By Gil Shapira, VP Business Development
RCS allows operators the opportunity to replace the fragmented user experience created by competing OTT messaging applications and provide users with a single, standard service/application for VoIP features, video sharing, video calling, instant messaging, image and file transfer, and geo-location sharing all from one application at a high QoS.
Until recently, it has had limited success and a disappointing uptake, especially when compared with leading OTTs. Driven by GSMA, 3GPP andOMA standards announced back in 2008 – RCS has not been adopted at the same pace as other innovations in the mobile apps arena. As a latecomer it has followed in the tracks of disruptive free OTT VoIP, Video and other messaging apps that eroded operators’ traditional revenue models. With so many free alternatives, subscribers were simply not willing to pay for such basic messaging services.
Operators have been forced to offer their RCS services as a free alternative in the hope it will compete with OTT services, but things are beginning to change.
With the recent launch of RCS-enabled handsets more operators are now launching Joyn and RCS 5.1 services, which may finally give RCS some momentum and a chance at achieving success. It is still unclear if it will succeed in becoming the de-facto standard which runs on all devices.
My view is that RCS will not change the OTT landscape. The competition has a huge head start, massive subscriber base and an innovative track record. For RCS to survive over time and make up ground on OTTs, it must be turned into a revenue generator. Only then will operators be encouraged to push it forward. .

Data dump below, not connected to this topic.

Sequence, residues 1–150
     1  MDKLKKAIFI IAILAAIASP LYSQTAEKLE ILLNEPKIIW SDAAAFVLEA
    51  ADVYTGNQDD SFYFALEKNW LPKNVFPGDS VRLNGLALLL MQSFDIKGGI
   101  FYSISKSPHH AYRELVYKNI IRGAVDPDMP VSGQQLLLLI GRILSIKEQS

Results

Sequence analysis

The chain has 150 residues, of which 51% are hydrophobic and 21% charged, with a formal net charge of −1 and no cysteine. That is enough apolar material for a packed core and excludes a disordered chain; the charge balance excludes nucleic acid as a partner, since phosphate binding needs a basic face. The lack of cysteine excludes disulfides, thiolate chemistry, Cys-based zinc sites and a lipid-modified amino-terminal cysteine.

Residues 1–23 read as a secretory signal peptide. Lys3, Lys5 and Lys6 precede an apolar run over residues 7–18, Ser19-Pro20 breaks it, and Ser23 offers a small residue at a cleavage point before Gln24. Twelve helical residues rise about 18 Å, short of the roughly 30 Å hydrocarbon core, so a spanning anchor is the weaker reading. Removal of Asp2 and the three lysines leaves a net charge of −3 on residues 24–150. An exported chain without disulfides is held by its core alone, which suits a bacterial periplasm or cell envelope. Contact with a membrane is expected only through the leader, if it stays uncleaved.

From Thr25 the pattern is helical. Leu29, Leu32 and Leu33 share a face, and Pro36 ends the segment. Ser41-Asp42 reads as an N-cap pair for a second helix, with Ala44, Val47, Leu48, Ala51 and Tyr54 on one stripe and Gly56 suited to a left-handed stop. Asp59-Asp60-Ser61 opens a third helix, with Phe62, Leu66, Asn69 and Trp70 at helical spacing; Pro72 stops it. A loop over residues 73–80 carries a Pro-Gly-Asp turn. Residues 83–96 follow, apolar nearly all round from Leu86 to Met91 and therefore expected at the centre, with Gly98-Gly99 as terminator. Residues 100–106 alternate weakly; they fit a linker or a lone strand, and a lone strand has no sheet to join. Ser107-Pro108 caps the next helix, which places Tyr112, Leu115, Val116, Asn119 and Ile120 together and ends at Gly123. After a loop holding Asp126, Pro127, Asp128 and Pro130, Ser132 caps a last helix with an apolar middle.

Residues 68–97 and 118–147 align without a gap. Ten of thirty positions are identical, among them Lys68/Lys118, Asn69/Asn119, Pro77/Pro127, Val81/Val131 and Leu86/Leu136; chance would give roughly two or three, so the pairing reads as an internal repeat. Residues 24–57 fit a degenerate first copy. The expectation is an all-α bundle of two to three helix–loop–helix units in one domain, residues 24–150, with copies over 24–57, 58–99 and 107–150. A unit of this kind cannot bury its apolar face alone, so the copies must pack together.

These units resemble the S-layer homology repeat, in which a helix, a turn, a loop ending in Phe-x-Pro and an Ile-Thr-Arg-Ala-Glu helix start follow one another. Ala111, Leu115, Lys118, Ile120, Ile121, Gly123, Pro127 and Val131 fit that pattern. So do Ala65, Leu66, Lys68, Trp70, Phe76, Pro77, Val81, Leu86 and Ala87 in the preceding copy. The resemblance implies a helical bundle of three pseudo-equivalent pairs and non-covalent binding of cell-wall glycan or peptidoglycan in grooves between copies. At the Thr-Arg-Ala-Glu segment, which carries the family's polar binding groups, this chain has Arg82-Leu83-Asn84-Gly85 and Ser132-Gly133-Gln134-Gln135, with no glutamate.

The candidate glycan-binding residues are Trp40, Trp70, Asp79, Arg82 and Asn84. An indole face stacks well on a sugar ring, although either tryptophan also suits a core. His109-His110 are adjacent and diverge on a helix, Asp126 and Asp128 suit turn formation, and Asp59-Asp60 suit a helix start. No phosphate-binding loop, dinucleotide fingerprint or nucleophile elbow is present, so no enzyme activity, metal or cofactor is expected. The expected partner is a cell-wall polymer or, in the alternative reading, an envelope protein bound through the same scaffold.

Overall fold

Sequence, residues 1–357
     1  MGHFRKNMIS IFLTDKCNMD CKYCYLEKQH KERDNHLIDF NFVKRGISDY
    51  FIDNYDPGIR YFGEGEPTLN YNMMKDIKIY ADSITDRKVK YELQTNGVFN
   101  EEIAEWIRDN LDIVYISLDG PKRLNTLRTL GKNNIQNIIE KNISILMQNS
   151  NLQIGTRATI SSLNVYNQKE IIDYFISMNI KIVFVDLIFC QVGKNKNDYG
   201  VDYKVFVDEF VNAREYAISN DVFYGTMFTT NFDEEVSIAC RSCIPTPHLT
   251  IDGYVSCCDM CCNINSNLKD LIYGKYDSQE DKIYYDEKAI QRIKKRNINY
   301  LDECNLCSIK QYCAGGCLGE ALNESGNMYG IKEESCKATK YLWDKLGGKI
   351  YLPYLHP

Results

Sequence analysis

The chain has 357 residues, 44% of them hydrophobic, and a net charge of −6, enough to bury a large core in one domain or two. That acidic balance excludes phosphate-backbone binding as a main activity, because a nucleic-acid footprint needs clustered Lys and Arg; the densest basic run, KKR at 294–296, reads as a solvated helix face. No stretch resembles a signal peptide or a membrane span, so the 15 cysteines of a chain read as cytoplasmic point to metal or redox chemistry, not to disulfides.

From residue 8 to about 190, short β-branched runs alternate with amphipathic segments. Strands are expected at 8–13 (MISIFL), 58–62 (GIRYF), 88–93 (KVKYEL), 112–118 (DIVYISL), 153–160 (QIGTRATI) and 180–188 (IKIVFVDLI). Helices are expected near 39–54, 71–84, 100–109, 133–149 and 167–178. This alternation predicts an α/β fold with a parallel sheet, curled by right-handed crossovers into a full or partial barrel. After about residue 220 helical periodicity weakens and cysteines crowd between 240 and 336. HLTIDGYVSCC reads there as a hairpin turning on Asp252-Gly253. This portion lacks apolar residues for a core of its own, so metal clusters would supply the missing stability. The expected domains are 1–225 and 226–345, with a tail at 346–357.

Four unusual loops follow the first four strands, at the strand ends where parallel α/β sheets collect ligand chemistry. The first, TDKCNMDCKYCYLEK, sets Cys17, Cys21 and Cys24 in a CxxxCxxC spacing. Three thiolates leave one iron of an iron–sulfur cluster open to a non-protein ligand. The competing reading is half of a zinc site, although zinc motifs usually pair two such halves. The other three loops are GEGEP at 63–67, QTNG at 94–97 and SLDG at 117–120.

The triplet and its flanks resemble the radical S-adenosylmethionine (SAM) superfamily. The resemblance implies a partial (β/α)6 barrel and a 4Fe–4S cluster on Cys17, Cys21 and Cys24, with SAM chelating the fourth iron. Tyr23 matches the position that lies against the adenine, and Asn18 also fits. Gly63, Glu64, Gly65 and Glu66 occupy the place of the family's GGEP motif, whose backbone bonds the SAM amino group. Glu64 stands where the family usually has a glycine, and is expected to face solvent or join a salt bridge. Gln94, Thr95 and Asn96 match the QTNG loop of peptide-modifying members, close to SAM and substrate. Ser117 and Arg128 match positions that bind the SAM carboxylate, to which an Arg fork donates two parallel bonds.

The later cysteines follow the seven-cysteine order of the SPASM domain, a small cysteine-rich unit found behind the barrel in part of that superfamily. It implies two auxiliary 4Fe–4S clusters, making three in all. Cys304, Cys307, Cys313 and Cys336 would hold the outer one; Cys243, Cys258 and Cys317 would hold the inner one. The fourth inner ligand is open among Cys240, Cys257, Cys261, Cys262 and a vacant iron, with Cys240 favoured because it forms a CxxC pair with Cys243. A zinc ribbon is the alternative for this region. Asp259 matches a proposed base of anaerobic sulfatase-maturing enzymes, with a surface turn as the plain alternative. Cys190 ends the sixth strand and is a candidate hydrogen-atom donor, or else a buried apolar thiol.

So how will operators be able to cash-in on RCS? If they offer it as a basic free offering, they can monetize RCS by:
- Personalizing communications while upselling virtual goods
- Monetizing APIs by allowing developers, content providers and enterprises access to the RCS community
- Reselling BI and analytics of user behavior (as long as it’s controlled and accepted by end users)
- Offering higher QoS and SLA at an additional charge
- Creating RCS offerings for Enterprise customers which are willing to pay for tailored solutions
To compete in today’s market operators have to shorten the innovation cycle and deploy new features in cycles of months, not years. Can they do it? I’m not sure.
The stakes are high and having RCS pre-installed in handsets is going to change the landscape dramatically
Who will win this messaging battle…the OTT players? …Operator’s RCS services? Or are we facing an even more fragmented messaging market. With major US carriers launching RCS this year we can be sure on one thing, 2014 has been an exciting year so far!